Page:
In praise of Nigeria-China currency swap deal

It is commendable that Central Bank of Nigeria (CBN) had finally consummated an historic $2.5 billion bilateral currency swap agreement with the Peoples Bank of China (PBoC) aimed at easing foreign exchange currency liquidity in the economy. Foreign exchange availability to fund Nigeria’s dependent economy remains a critical success factor in national development. Nigeria almost defines its exchange rate “as the price of US Dollars” – as if there are no alternatives – which in turn is dependent on the vagaries of volatile crude oil prices. No thanks to perpetual mono-economy based on extractive industry.
The collapse of crude oil prices from over $110 per barrels between 2003 and 2014 to all time low $40 per barrel drastically depleted the external reserves from $62billion in 2008 to $37billion in 2015! The dip in dollar reserves is the principal cause of the recent recession. CBN’s response through cumulative depreciations of the Naira had attendant negative implications for inflation, purchasing power and domestic capacity utilization. CBN under Godwin Emefiele managed the limited dollars inflows through creative measures that included the restriction of scarce allocation to some 41 items.
It is however much more commendable that CBN had made a bold move to think outside the dollar dependency with the recent Nigeria-China currency to facilitate transactions with China without the dollar high cost. Lest we forget; the move towards foreign reserves diversification is long dated. The decision to include the renminbi (Chinese Yuan) in Nigeria’s foreign exchange reserves was taken in 2011 by the CBN during the tenure of its former Governor, Sanusi Lamido Sanusi. The former CBN Governor announced a switch of “between 5 and 10 percent of its dollar buffers into yuan as part of plans to diversify the reserves away from the dollar”.
It is remarkable that the two countries had given effect to the deal of April 2016, during President Muhammadu Buhari’s visit to Beijing. According to the CBN spokesman, Isaac Okorafor, the agreement provides naira liquidity to Chinese businesses as well as provides RMB liquidity to their Nigerian counterparts in return to improve the speed, convenience and volume of transactions between the two countries. CBN governor, Godwin Emefiele, led the Nigerian delegation to sign the agreement on behalf of the federal government while PBoC governor, Yi Gang, led the Chinese team.
The recent move shows that there are indeed many options for nation states within the current international financial architecture. Of course the devil is in the details. Given the existing trade imbalances between Nigeria and China, will the new currency swap deal not further fuel import dependency of Nigeria? Will it promote domestic industrialization? Again against the background of the ongoing international trade war, is Nigeria doing quality control of its trade relations with China? I certainly share the optimism of Mr Okoroafor that: “With the operationalization of this agreement, it will make it easier for most Nigerian manufacturers, especially small and medium enterprises (SMEs) and cottage industries in manufacturing and export businesses to import raw materials, spare-parts and simple machinery to undertake their businesses”.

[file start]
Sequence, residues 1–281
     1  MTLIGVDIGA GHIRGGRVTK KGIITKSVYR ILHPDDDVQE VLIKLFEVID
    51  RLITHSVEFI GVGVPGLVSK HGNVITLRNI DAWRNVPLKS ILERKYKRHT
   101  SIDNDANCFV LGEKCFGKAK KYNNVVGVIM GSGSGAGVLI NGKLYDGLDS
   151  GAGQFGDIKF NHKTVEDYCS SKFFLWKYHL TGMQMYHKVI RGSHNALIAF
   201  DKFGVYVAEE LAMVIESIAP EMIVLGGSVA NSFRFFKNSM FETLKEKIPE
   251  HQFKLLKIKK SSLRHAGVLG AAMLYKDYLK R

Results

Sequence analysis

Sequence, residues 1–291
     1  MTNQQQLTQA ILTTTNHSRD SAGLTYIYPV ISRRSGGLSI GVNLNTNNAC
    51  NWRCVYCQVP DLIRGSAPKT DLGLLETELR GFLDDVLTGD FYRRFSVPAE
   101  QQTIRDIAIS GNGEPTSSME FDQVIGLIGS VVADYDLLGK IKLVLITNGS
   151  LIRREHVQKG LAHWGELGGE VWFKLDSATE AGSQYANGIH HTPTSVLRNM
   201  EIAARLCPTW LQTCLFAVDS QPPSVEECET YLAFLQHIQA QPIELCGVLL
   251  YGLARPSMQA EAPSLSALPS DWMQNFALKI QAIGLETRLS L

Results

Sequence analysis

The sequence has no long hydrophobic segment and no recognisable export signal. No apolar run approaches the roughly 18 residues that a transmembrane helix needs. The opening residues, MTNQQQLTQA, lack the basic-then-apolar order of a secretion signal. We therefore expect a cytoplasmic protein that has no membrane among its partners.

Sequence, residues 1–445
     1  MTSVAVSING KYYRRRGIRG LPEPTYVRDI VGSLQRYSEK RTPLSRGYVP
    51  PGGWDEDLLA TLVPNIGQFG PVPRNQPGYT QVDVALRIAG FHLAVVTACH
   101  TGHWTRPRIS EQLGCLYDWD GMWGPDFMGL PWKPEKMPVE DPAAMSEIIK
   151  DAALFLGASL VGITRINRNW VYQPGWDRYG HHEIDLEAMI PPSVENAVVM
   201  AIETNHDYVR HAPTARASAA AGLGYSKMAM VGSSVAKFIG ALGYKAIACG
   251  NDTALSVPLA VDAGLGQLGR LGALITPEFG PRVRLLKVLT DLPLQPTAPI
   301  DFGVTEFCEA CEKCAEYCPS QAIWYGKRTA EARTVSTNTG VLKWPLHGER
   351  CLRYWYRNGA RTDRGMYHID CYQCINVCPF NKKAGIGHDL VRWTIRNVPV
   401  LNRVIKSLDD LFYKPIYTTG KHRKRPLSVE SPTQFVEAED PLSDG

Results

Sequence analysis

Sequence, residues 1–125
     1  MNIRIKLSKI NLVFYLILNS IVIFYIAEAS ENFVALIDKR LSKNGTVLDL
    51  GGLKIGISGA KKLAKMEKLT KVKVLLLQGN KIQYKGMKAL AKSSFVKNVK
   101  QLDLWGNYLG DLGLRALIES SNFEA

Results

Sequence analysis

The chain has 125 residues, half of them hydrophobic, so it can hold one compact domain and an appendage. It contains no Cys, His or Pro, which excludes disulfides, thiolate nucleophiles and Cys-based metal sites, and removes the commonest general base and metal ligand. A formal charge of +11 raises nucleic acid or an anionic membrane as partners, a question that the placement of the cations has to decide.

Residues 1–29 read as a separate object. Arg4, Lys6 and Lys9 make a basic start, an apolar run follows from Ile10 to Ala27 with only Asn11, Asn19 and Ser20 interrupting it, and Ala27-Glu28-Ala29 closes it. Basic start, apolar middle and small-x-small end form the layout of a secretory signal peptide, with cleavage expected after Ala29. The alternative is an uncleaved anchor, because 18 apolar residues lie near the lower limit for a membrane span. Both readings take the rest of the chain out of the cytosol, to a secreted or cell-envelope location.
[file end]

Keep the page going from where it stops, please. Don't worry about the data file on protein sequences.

However this optimism is based on the assumption that Nigeria has aligned its monetary and trade policies with its industrial policies. There is no doubt that the CBN has done its side of the bargain by ensuring
RMB liquidity from Nigerian banks without being exposed to the difficulties of seeking “other scarce foreign currencies, which attract higher interest rate charges”. But the fiscal authorities and trade and investment ministries must now ensure that the ease of transactions promotes domestic production, (not the same criminal frivolous consumption of at time fake products from China!).
The deal must also foster employment generation as contained in the Economic Recovery and Growth Plan (ERGP). What is clear is that CBN has shown that there is certainly an alternative to the existing dollar/Euro dependency. Nigeria must simply come to terms with the simple fact that currency crises and volatile capital flows, are regular features of the existing rapacious present global financial system. Only nations that are audaciously creative could weather the regular storms of periodic crises caused by speculation. China has shown that for a developing nation to make a sustainable difference in the existing trade arrangement, there must be creative smart measures in managing critical factor of limited foreign exchange just as CBN has done.
For as long as there has been little progress made by developing countries on the demand for greater stability of the exchange rates of the three major currencies (US, Japan, Europe), developing countries must take advantage of domestic policy space to initiate measures such as Nigeria- China currency swap.

By Issa Aremu, mni | Publish Date: May 14 2018aremu-latest-2

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